Over time, I have tried and found several methods that are helpful to pull me out of a rut. If you experience ruts too, whether as a working professional, a writer, a blogger, a student or other work, you will find these useful. Here are 12 of my personal tips to get out of ruts:

1. Work on the small tasks.

When you are in a rut, tackle it by starting small. Clear away your smaller tasks which have been piling up. Reply to your emails, organize your documents, declutter your work space, and reply to private messages.

Whenever I finish doing that, I generate a positive momentum which I bring forward to my work.

2. Take a break from your work desk.

Get yourself away from your desk and go take a walk. Go to the washroom, walk around the office, go out and get a snack.

Your mind is too bogged down and needs some airing. Sometimes I get new ideas right after I walk away from my computer.

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3. Upgrade yourself

Take the down time to upgrade yourself. Go to a seminar. Read up on new materials (#7). Pick up a new language. Or any of the 42 ways here to improve yourself.

The modern computer uses different typefaces because Steve Jobs dropped in on a calligraphy class back in college. How’s that for inspiration?

4. Talk to a friend.

Talk to someone and get your mind off work for a while.

Talk about anything, from casual chatting to a deep conversation about something you really care about. You will be surprised at how the short encounter can be rejuvenating in its own way.

5. Forget about trying to be perfect.

If you are in a rut, the last thing you want to do is step on your own toes with perfectionist tendencies.

Just start small. Do what you can, at your own pace. Let yourself make mistakes.

Soon, a little trickle of inspiration will come. And then it’ll build up with more trickles. Before you know it, you have a whole stream of ideas.

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6. Paint a vision to work towards.

If you are continuously getting in a rut with your work, maybe there’s no vision inspiring you to move forward.

Think about why you are doing this, and what you are doing it for. What is the end vision in mind?

Make it as vivid as possible. Make sure it’s a vision that inspires you and use that to trigger you to action.

7. Read a book (or blog).

The things we read are like food to our brain. If you are out of ideas, it’s time to feed your brain with great materials.

Here’s a list of 40 books you can start off with. Stock your browser with only the feeds of high quality blogs, such as Lifehack.org, DumbLittleMan, Seth Godin’s Blog, Tim Ferris’ Blog, Zen Habits or The Personal Excellence Blog.

Check out the best selling books; those are generally packed with great wisdom.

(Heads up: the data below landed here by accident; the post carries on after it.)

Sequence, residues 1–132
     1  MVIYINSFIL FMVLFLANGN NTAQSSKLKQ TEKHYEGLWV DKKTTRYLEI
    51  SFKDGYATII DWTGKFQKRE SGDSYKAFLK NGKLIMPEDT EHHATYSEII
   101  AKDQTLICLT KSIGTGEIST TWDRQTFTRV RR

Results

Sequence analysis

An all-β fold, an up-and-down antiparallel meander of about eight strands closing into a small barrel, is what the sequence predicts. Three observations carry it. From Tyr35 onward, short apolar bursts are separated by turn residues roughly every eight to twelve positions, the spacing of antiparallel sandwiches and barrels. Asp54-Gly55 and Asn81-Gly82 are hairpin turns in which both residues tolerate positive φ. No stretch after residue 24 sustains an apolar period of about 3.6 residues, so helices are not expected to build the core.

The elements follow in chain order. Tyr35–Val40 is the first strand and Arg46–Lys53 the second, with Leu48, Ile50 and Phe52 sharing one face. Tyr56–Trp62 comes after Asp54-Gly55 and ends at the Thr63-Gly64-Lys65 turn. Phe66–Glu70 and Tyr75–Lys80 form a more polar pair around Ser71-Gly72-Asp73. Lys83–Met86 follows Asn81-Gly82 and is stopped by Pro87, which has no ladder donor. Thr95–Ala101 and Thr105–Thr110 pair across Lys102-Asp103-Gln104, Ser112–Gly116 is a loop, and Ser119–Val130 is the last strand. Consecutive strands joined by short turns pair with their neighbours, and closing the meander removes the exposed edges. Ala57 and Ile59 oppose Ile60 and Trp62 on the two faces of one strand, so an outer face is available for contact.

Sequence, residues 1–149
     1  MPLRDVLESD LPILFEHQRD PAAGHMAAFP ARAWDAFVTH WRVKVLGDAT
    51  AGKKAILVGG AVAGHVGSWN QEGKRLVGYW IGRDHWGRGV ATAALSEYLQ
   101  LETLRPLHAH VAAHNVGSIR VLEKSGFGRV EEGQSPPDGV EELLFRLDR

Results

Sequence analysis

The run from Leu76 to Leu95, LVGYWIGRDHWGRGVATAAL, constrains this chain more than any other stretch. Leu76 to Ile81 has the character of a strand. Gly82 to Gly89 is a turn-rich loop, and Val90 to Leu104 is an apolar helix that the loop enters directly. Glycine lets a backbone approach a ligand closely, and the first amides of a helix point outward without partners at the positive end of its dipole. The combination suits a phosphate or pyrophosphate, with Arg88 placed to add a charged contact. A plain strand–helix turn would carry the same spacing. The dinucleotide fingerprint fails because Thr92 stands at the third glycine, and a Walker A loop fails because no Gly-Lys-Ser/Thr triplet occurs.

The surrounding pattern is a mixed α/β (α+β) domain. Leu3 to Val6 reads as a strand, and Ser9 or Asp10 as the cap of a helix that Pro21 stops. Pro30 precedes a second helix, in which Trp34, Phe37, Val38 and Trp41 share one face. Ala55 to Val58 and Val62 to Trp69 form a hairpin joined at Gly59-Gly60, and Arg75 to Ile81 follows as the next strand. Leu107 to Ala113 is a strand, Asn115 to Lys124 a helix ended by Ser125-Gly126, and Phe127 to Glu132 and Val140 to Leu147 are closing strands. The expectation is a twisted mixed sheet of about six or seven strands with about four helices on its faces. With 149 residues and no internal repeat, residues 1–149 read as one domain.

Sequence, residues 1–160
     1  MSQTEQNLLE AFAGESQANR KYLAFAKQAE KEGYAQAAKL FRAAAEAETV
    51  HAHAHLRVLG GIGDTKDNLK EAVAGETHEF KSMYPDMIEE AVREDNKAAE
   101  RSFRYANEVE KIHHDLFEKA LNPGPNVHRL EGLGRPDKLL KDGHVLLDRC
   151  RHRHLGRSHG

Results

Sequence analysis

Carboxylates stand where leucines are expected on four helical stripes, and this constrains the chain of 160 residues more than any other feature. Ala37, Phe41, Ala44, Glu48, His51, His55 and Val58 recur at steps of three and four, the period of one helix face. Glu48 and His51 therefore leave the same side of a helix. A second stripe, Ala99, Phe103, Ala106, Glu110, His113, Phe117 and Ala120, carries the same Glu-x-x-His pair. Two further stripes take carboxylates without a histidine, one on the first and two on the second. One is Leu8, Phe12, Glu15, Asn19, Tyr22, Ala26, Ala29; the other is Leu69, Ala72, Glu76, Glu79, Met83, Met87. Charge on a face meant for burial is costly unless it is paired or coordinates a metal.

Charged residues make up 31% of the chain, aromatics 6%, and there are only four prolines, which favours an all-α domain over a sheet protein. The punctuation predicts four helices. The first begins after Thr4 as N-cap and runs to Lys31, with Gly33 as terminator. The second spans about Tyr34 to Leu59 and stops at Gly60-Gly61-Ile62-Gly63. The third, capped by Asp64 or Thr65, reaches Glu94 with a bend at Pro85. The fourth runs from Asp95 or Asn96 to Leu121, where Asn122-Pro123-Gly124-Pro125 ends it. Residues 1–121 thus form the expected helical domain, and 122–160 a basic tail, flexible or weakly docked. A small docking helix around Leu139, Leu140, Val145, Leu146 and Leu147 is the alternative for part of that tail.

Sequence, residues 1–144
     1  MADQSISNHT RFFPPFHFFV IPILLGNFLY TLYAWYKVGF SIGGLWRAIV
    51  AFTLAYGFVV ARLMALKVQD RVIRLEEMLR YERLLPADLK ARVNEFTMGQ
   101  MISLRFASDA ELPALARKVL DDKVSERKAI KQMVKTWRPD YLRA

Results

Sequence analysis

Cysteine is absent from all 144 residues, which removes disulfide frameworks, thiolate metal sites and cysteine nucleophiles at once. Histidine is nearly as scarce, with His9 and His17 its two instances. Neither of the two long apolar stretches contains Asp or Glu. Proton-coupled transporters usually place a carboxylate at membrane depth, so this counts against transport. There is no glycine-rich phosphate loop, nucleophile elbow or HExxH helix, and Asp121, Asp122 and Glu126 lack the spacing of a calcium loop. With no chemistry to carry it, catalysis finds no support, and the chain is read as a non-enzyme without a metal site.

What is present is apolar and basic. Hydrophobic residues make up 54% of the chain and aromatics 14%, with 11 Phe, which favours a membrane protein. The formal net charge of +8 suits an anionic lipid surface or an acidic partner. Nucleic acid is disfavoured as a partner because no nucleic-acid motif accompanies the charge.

8. Have a quick nap.

If you are at home, take a quick nap for about 20-30 minutes. This clears up your mind and gives you a quick boost. Nothing quite like starting off on a fresh start after catching up on sleep.

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9. Remember why you are doing this.

Sometimes we lose sight of why we do what we do, and after a while we become jaded. A quick refresher on why you even started on this project will help.

What were you thinking when you thought of doing this? Retrace your thoughts back to that moment. Recall why you are doing this. Then reconnect with your muse.

10. Find some competition.

Nothing quite like healthy competition to spur us forward. If you are out of ideas, then check up on what people are doing in your space.

Colleagues at work, competitors in the industry, competitors’ products and websites, networking conventions.. you get the drill.

11. Go exercise.

Since you are not making headway at work, might as well spend the time shaping yourself up.

Sometimes we work so much that we neglect our health and fitness. Go jog, swim, cycle, whichever exercise you prefer.

As you improve your physical health, your mental health will improve, too. The different facets of ourselves are all interlinked.

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Here’re 15 Tips to Restart the Exercise Habit (and How to Keep It).

12. Take a good break.

Ruts are usually signs that you have been working too long and too hard. It’s time to get a break.

Beyond the quick tips above, arrange for a 1-day or 2-days of break from your work. Don’t check your (work) emails or do anything work-related. Relax and do your favorite activities. You will return to your work recharged and ready to start.

Contrary to popular belief, the world will not end from taking a break from your work. In fact, you will be much more ready to make an impact after proper rest. My best ideas and inspiration always hit me whenever I’m away from my work.

Take a look at this to learn the importance of rest: The Importance of Scheduling Downtime

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Featured photo credit: Joshua Earle via unsplash.com